Obama's ISIS Strategy: Death by Flatulence

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The more the Obama administration talks about the war on terrorism, the less we know. What are we fighting? Is it violent extremism or radical Islam? OK, it's actually radical Islam (we only need to kill jihadists, not all Muslims); the term "violent extremism" is less offensive to violent Islamists and no one cares about its repugnance to non-Muslim violent extremists — a subset in the Venn diagram of terrorism that is imperceptible to all but a handful of White House officials.

But is it Sunni radical Muslims or Shiite radical Muslims that are the problem? Or both? (And who are we to make such judgments — after the Crusades and all?) Do we need to worry about Iran, with its expanding regional hegemony, soon to be bolstered by nuclear weapons? Or Iraq, which, having been abandoned by the US in 2010, has descended into barbaric chaos with the Sunni Islamic State of Iraq and al-Sham (ISIS) running amok throughout its north, and equally vicious Iranian militia groups running amok everywhere else? Or both?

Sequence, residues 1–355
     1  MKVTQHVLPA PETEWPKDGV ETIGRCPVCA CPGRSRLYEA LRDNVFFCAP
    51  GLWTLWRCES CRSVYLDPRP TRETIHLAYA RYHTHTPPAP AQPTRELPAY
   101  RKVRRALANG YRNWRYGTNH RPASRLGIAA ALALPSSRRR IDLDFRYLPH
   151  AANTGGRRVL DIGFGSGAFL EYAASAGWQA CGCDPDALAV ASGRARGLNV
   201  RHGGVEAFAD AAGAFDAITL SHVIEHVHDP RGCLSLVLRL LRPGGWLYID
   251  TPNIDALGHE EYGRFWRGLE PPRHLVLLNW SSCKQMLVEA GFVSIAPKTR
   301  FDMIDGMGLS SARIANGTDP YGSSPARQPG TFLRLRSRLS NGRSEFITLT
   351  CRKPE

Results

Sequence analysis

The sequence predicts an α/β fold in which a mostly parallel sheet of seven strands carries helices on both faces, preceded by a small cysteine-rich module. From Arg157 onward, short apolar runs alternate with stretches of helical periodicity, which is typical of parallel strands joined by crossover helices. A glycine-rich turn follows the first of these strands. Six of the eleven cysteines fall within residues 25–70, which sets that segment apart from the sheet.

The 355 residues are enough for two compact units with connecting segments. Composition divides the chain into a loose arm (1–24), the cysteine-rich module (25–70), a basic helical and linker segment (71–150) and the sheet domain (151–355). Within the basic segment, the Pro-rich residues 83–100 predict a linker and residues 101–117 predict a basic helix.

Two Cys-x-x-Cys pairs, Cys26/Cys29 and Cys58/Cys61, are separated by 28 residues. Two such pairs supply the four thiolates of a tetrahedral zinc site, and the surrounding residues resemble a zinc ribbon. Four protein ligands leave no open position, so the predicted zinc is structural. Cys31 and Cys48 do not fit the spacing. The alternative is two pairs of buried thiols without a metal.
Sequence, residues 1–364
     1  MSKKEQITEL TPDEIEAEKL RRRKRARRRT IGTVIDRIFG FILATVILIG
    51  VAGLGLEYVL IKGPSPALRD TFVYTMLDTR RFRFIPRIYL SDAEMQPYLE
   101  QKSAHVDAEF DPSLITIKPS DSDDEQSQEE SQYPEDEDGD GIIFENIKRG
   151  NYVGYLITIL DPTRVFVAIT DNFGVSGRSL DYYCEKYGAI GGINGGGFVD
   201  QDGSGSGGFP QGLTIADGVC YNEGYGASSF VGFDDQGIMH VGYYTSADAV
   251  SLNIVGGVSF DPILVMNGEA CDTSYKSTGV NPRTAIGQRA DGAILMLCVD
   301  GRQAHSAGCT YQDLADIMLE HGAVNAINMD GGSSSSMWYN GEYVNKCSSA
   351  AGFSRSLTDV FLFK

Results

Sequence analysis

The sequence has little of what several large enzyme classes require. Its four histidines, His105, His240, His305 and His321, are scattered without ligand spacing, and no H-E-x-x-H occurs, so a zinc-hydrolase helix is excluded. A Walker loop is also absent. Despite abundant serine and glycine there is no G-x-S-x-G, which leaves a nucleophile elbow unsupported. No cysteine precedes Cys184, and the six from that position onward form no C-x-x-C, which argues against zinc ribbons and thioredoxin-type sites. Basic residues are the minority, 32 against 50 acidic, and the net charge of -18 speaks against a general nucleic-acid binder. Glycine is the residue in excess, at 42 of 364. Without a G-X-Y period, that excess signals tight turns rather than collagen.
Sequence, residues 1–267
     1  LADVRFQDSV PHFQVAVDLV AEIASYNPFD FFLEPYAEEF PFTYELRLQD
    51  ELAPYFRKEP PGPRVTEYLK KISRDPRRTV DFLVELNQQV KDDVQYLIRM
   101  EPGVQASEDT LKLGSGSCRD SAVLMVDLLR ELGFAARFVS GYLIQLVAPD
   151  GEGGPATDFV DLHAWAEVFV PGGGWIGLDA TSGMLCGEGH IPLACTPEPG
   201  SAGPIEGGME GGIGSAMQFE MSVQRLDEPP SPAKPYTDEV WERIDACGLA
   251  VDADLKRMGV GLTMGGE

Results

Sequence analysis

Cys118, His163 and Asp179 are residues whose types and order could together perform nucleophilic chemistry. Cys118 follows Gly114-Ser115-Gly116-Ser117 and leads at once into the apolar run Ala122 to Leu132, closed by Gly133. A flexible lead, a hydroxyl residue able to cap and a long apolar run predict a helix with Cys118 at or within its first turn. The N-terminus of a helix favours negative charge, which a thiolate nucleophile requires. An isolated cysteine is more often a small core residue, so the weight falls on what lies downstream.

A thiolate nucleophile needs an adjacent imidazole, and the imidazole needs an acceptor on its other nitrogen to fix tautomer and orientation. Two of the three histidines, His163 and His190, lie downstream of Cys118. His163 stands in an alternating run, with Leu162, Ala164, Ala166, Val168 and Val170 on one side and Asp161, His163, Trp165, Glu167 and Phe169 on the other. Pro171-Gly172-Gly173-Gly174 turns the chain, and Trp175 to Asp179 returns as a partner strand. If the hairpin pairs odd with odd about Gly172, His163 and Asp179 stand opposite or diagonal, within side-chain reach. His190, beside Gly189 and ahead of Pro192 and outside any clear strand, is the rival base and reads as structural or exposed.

And what about the original Syrian rebels, valiantly fighting Bashar Assad? When, in 2011, the civilian death toll from Assad's brutal regime had reached 2,000, a horrified Mr. Obama declared that Assad must step aside. Yet, after drawing his famous red line, it was Obama who stepped aside, allowing both ISIS and Iranian thugs to trespass into Syria. What are we to make of Obama's silence today, when the Syrian death toll exceeds 200,000? And, as Hezbollah fighters and Iran’s Revolutionary Guard Corps (IRGC) creep into the Golan Heights and Hamas wages war in Gaza, why has Mr. Obama become displeased with Israeli president, Nethenyahu? Is it time to abandon Israel?